17Financial Theory

17Financial Theory - Financial Theory

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Financial Theory: Lecture 17 Transcript November 3, 2009 << back Professor John Geanakoplos: I think I'll try to start. So last time we found out how to evaluate options, especially stopping options where you don't have so many options. You either do something or you don't do it. That's the simplest kind of option. And we discovered through two examples, at least, that the option is worth more than people realize. So this time we're going to apply that--and that the way to figure out exactly what it's worth and exactly what to do is to work by backward induction. So this time we're going to apply that reasoning to the two most important options in the economy, one is callable bonds and a much more important one is the mortgage option. And all of you at some time in your lives will probably own houses and have a mortgage option and have to think about what kind of mortgage to get and what the option is. So I want to teach you how to think about that problem. So let's start with the callable bond problem. Uh-oh, I forgot to turn this on. So let's start here with the callable bond problem. So callable bonds are issued by corporations and they pay, usually, an interest rate, say 9 percent. So the bond pays 9 percent, 9 percent and then some years later it pays 109, but at any point in time you have the option, the company has the option of calling the bond, and calling it for--so it's going to pay 9 + 100 at the end, so here it's 9. So at any time the company has the option of calling the bond. So what does that mean? It means after it's paid the 9--the company's issued a bond promising to pay 9 for say 10 years and then the principal in the 10th year, this is year 10, the total of 109. So that's the simplest possible bond. And the company occasionally has the option, we'll see in a minute why it would want this option, has the option of saying, "Okay, we don't want to make the rest of those payments. We want to get out of our promise. We've just paid you 9. We'll pay off the extra 100 that we're eventually going have to owe and we'll call it a day." So this is the payment and this is the remaining balance. So for a callable bond the remaining balance is always 100. So it's pretty obvious that if you've made an arrangement, so I owe you--like for example the prototypical mortgage was exactly of this kind. Somebody borrows money from you and they say, "I promise to pay you 9 dollars a year until the last year when I'm going to pay you 109. This is called, for those old mortgages it was called the balloon payment, but in typical bonds it's just the principal payment, the 100 face value of the bond. So the person who borrowed the money and has agreed to pay off over the years, he might have a reason why the house he put up as collateral is no longer going to be his house. He might want to move in which case the lender doesn't have a house anymore backing the loan and they have to have some way of resolving the loan and ending it. So the question is, after you've made a payment, how can you resolve the rest of the loan which is supposed to go on for 6 more years?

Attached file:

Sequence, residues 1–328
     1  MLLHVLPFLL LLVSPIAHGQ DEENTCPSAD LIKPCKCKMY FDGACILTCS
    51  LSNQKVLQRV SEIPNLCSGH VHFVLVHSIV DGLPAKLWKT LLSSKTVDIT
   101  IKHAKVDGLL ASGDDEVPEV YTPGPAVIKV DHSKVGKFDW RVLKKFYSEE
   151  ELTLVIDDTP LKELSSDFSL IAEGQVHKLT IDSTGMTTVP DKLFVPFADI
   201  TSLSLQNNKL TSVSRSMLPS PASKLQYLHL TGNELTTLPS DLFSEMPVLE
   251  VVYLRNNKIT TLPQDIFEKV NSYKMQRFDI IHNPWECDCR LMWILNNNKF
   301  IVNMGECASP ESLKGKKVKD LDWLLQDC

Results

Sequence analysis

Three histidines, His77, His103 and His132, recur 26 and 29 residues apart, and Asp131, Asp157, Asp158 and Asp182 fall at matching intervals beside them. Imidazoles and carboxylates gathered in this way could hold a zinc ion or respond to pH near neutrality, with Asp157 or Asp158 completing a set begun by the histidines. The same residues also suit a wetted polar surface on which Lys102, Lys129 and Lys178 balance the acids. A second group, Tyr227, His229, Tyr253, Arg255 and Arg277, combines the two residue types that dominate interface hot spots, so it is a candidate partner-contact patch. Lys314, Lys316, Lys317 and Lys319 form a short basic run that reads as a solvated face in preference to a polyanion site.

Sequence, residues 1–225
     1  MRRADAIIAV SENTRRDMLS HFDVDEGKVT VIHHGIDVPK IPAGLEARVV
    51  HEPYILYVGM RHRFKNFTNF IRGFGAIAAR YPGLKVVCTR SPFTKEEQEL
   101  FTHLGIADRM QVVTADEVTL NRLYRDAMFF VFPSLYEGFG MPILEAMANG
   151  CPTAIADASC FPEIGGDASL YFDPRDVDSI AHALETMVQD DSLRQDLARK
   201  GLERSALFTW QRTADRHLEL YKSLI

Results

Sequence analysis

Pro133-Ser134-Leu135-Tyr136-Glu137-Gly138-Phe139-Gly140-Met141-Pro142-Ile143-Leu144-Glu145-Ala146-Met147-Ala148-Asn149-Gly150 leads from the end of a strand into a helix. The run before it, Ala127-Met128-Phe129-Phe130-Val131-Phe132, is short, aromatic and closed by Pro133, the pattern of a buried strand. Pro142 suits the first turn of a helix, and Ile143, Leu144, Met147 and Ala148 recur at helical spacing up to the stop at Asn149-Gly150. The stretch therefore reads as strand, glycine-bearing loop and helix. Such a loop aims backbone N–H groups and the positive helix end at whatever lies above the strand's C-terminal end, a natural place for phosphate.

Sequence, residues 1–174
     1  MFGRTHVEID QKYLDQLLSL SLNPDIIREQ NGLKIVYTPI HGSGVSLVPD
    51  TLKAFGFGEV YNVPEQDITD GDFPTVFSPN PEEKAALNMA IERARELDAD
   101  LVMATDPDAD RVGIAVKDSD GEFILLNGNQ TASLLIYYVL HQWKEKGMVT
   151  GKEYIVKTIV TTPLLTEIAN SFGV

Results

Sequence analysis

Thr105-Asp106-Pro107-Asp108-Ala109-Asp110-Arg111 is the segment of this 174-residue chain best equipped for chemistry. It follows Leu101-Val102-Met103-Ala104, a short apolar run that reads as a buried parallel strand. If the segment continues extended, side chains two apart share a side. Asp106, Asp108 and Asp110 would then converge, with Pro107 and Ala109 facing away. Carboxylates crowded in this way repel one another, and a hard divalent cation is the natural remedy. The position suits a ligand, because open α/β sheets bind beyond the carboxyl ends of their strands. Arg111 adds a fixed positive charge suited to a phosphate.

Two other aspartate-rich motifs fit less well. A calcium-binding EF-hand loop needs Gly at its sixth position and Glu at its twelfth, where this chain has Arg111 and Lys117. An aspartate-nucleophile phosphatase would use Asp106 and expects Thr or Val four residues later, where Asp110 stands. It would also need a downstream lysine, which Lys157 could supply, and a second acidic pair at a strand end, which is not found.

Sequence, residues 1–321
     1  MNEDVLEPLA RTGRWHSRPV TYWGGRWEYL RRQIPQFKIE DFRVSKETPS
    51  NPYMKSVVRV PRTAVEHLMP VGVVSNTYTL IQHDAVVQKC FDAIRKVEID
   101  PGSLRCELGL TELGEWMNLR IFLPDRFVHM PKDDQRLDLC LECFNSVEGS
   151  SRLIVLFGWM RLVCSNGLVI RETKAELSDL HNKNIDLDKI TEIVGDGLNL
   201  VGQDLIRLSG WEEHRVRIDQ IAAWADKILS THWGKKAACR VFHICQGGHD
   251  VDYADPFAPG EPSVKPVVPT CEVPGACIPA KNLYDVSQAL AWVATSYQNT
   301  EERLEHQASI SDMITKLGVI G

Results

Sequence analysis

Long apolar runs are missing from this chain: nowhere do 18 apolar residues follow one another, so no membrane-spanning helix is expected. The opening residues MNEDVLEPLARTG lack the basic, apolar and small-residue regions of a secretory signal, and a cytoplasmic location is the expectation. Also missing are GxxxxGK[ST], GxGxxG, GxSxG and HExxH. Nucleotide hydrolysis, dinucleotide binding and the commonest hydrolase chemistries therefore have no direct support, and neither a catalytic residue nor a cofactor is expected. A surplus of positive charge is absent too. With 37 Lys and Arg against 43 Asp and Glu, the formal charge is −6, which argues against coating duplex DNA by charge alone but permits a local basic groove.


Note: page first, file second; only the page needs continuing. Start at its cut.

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This note was uploaded on 02/08/2012 for the course ECON 251 taught by Professor Geanakoplos,john during the Fall '09 term at Yale.

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17Financial Theory - Financial Theory

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